Sunday, November 12, 2006
So Amy and a couple of other people asked me to post my recipe for turkey.
It's great because you can put your turkey in the night before. YES, the NIGHT BEFORE you want to eat it and you wake up in the morning with the delicious aromas filling the house. Another awesome thing about this recipe is that even if you cook a large turkey, it comes out moist and tender.
I first found the recipe in a book by Emilie Barnes called "The Complete Holiday Organizer". I was going to add a link to buy the book, but it appears to be out of print. Sorry. For those of you who haven't heard of her, she is/was a "Christian" version of Martha Stewart before anyone ever heard of The Martha. Some of her stuff is a little too fru-fru for our blue collar heritage, but she has some fun ideas and some great recipes. This is one of them. Apparently Emilie still has a web site. You can see it here. I'm going to include the text from the book to give you some background. I hope you try it and enjoy it. It's SO easy!
"Perfect Turkey Every Time"
" Trust me on this one. The white meat melts in your mouth. This is a SLOW roasting method, but once in the oven, you can forget it until it comes out.
Choose desired size turkey, wash it well, and remove the neck and giblets from inside the cavity. Dry turkey with paper towels, lightly salt the cavity and stuff with dressing of your choice, if desired. Rub the outside well with pure olive oil.
Put the turkey BREAST side down (this bastes itself, making the white meat very moist) on a rack in a roasting pan.
Put into a 300 degree F preheated oven for one hour to destroy bacteria on the surface. Then adjust the heat to 180-185 degrees for any size turkey.
This is important. The turkey can go in the oven the night before eating it!
Example: I have a 22 pound turkey. At 5:00 p.m. Thanksgiving Eve I put the turkey in the oven prepared at 300 degrees for one hour. I turn the temperature down to 185 degrees and leave the turkey uncovered until it's done the NEXT day about 10 or 11 a.m.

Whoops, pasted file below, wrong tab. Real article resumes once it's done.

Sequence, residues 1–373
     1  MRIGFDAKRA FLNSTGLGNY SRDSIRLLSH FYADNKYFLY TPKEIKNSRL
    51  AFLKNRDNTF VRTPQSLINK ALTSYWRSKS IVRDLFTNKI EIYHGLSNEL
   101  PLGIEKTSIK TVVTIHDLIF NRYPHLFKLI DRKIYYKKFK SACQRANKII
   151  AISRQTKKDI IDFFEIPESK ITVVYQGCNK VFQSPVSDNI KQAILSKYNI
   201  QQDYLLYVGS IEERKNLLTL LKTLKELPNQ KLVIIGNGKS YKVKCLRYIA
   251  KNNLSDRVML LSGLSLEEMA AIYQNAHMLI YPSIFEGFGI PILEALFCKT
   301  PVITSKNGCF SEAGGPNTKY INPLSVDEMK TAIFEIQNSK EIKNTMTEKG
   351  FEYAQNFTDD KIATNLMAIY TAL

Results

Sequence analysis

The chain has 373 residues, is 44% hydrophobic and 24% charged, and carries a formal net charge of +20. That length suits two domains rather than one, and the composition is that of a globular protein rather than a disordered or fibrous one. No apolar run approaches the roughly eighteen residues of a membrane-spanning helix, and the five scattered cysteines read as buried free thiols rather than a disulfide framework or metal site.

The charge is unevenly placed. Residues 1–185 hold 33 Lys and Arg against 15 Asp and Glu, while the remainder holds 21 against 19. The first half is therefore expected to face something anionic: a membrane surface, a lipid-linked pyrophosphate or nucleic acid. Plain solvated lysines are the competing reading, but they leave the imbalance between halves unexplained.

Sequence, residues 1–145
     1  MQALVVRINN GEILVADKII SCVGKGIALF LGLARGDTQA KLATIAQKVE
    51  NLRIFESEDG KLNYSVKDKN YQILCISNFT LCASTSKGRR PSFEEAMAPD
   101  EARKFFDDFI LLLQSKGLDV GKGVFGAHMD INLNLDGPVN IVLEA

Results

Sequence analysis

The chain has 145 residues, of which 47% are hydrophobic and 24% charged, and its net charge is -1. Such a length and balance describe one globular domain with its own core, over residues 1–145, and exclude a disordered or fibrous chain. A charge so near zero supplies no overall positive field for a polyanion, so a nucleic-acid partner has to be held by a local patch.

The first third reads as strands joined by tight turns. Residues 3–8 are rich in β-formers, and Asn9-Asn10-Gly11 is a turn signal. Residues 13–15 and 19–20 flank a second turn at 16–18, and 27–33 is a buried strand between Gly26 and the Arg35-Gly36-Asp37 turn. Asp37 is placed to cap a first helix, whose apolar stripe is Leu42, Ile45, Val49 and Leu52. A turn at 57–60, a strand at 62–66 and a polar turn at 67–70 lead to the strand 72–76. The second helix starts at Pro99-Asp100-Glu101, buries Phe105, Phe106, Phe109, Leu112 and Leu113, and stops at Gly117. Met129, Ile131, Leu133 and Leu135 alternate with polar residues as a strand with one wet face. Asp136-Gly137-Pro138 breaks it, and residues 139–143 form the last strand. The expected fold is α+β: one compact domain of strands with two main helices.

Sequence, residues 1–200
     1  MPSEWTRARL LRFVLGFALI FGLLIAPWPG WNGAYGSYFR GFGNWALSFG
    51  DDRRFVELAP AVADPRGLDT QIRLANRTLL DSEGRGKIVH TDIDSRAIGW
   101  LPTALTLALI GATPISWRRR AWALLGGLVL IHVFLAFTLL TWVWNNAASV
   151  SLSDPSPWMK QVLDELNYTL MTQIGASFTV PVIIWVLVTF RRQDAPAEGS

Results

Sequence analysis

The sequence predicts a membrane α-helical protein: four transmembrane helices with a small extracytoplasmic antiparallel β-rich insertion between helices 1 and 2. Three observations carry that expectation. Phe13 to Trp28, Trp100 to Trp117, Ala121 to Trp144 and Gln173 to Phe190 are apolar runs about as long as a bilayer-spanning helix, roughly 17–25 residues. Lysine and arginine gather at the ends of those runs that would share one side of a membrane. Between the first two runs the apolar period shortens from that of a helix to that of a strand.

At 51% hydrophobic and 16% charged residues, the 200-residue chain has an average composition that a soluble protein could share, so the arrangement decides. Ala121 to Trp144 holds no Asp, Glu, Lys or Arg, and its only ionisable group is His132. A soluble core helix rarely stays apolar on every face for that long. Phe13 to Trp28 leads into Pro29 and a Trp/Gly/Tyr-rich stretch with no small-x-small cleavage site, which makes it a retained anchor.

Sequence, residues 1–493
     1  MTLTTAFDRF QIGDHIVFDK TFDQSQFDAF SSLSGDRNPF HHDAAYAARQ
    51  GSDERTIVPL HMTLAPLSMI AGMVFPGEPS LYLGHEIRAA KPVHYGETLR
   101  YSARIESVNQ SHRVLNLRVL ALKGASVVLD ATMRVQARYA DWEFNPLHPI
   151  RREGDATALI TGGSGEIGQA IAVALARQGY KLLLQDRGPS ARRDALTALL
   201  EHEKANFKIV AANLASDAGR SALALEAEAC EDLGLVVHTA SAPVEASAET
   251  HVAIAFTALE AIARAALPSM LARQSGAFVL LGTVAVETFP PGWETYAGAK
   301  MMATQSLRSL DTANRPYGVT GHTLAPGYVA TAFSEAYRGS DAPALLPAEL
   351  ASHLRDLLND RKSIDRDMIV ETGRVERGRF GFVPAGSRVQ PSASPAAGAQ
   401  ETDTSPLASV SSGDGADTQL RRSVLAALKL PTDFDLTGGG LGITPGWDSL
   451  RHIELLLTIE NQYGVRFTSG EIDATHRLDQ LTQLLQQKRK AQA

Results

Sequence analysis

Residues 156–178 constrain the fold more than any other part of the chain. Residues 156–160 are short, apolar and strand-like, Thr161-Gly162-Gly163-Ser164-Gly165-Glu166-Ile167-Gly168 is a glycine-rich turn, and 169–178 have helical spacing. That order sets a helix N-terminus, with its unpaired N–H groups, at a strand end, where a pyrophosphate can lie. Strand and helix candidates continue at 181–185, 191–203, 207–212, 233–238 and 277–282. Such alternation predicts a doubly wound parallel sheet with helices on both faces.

Although the cooking times seem startling at first , the meat is amazingly delicious, juicy and tender. It slices beautifully and shrinks so little that a turkey cooked at regular temperatures no longer tastes good. It cannot burn so it needs no watching. It literally cooks itself. " I do feel the need to baste every once in a while, but that's probably more habit than anything, besides I like to open the oven and smell the turkey.
A good rule for timing is about 3 times longer than a standard recipe. For example: a 20 pound turkey that normally takes 15 minutes per pound to cook would take 5 hours. This slow cook method would be 3 times 5, so it equals 15 HOURS to cook the slow way. A smaller turkey cooks 20 minutes per pound, so an 11 pound turkey takes 3 hours, 40 mins standard, times 3 which equals 11 hours for the slow roast way.
Now here's the cool part. Once it's done, it will NOT overcook or dry out. You can leave it in the oven an additional 3 - 6 hours and it will still be perfect! Thus your roasting can be adjusted totally to your convenience. So allow yourself plenty of time. It's better to put it in a little early than too late though, since you want to be sure that it's done. That's it. That's all you need to do. Can it be more simple?
One item I need to point out. If your family actually puts the whole turkey on the table as a nice presentation, then you need to know that cooking it breast side down will not be quite as pretty as the picture above. If you're like our family and you just take it out of the oven and slice it up on platters, no one will even know that you cooked it upside-down.
New idea: Now with all that said, I saw a show on the Food Network last night that had a recipe for a way to prepare the turkey before putting it in the oven. I may try this recipe from Sandra Lee's Semi-Homemade Thanksgiving show, but I will still use the slow roasting method above for cooking, because it is so delicious.
Have fun and let me know how your dinners turn out.